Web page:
Seth Godin recently published this very short post:
A simple test for brands, organizations and individuals:
When you exaggerate the things that people associate with you, your presence and your contribution, does it make you a better version of yourself?
When Seth gets it right (which is often), he gets it really really right. I’ve been thinking about this question since I saw the post and damn. What *do* people associate with me, my presence, my contribution? I know what I want them to associate with me, and I make an effort to focus on those traits.
But what can I do about those unknown things – the personal quirks and habits and unlikeable bits that I’m unaware of? The things that people who love me don’t care about but could nevertheless impact my ability to accomplish my goals? Self-awareness and reflection get me to a certain point, but how do I get past all the doubt and uncertainty and accept that I’m just a human? A normal human who has normal human-y quirks and habits and oddities?
I thought about doing a self-parody but stopped that idea right in its tracks. I’m not in the best place to parody myself from a helpful, funny perspective and it’s far too easy to think of myself as a ridiculous monster. Untrue, of course, but that’s what too much navel-gazing gets me.
So…going out on a limb, I’m going to answer Seth’s question with a “yes.” People tell me that I’m creative, engaged, warm, attentive, and kind, and those are traits that only make me better 🙂
Recently, I’ve spoken with a couple of former colleagues about our experiences at CCCF and have found those conversations a mixed blessing. As time goes by, it is harder to remember how crazy I felt, how unwell and frenzied. It also becomes easier to doubt my experience, to think that maybe I was being hypersensitive and over-reactive, that it wasn’t that bad. But typing the sentence “maybe prisons aren’t that bad after all” feels like a joke.
Prisons are terrible places.
But maybe they were less bad than I made them out to be? It all seems so fuzzy now, so distant and small. I’m starting to question why I ever thought it was bad enough that I needed to write about it – why I ever thought this story would capture people’s attention. Maybe if it were more horrific, if I had witnessed all kinds of horrible violence and aggression, maybe if I’d been more scarred and torn up – maybe then it would be worth telling. But it’s not about any of those things – it’s about watching my students struggle against their internal odds, battle their demons and self-doubt, and win – time and time again, they won. They succeeded in ways they’d never imagined – big and small – and experienced themselves as confident, competent, and valued people.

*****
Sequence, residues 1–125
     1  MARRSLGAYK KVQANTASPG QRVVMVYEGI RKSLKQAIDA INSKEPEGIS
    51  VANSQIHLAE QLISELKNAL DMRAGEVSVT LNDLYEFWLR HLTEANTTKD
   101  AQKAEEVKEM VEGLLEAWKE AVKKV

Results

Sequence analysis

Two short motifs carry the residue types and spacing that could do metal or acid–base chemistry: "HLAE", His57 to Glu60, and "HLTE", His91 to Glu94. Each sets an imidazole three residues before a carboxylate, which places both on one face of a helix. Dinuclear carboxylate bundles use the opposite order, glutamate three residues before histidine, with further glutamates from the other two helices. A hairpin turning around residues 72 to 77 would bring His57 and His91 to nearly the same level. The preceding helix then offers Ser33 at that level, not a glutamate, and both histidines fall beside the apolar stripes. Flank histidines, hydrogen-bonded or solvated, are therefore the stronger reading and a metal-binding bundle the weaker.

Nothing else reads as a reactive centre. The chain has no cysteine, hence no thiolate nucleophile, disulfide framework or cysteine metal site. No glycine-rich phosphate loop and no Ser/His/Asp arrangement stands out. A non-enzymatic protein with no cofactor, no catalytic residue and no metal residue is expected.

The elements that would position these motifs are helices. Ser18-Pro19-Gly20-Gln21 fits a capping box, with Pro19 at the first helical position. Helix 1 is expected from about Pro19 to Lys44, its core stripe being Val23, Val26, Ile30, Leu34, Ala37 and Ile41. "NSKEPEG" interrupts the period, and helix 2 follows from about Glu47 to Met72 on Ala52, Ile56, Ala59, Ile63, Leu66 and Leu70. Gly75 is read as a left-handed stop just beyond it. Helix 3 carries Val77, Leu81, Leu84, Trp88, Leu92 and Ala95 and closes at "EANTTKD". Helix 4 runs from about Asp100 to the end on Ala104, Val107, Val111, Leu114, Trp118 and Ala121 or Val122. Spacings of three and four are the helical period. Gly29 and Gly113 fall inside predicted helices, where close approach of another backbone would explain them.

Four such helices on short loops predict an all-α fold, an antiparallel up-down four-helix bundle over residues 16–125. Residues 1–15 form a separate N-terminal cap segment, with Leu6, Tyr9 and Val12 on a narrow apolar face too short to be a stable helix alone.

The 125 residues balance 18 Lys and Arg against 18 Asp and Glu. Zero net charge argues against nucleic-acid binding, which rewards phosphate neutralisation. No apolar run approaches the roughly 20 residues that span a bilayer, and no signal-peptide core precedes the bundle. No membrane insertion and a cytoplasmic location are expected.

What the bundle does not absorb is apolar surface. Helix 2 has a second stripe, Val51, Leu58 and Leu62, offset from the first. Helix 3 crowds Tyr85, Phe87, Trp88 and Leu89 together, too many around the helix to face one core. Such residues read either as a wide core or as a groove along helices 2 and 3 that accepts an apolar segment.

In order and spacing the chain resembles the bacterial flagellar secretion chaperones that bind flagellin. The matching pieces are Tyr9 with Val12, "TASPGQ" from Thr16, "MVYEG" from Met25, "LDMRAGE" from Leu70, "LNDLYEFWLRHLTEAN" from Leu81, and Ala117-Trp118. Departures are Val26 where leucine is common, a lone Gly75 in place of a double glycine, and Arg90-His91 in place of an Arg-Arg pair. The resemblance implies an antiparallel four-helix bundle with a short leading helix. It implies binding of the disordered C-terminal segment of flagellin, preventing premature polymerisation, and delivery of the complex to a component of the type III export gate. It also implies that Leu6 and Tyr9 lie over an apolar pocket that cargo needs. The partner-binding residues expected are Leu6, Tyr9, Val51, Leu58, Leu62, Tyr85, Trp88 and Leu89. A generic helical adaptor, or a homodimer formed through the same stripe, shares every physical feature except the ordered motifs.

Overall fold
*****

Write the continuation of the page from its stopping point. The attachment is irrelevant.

Trying to write the section about DOC has shaken my confidence tremendously. Writing only about my experience is proving much more difficult than I realized it would be. When I went back over the material I’d already written, it sounded like the rantings and complaints of a disgruntled person, an unhappy and bitter person. But how to write about a system that’s so awful when the immediacy of the emotion is gone? I’m not subject to that toxic environment every day now, and it’s hard to summon the motivation to be thoughtful in my observations. I wonder if the rest will be this hard. I wonder if the rest is worth writing at all.
blocked blocks, round round, all rounded
puzzle pieces filling
fitting, seamless and tight and smooth
lost last spaces further
optional is no longer an option
liberation is now less than a k
it’s not ok. I can’t move.
grasping grunting gobbling grabbing
high higher highest; close closer closest
tinned, salted, oiled, canned; metal keys roll us back
we’re beginning to smell
three fish or three days; reeking of never-ending visitors
olfactory assault | auditory hallucination | kinetic disarray
visual opulence and luxurious cultural overload
words of hipster wisdom “you’re so Erin Brokovich”
I’m sitting in a bubble tea shop in the Pacific Northwest and watching a woman and her two daughters. They all have the same dark blonde hair, the youngest has lighter, cornsilky streaks. Mom seems distracted and remote, checking her phone and not interacting much. The girls speak to each other, quietly. The older girl and the mother are quite serious, but the younger one looks like she’s not loving the “how to be serious” lessons the older two are laying down. I’m guessing she’s a much more playful child, but mom and older sis aren’t having it. I’ve been casually watching them for probably 20 minutes, and I’m not sure they’ve smiled once.
My interest in people-watching is moderate, but I know some people truly love it. There are times when it’s interesting, and the part I enjoy is imagining some type of interaction, their response to interruption. This trio caught my eye because of their hair, and their collective demeanor. I wanted to take a picture of them, capture their gravity and likeness, but it was too much of an intrusion into their unknown world.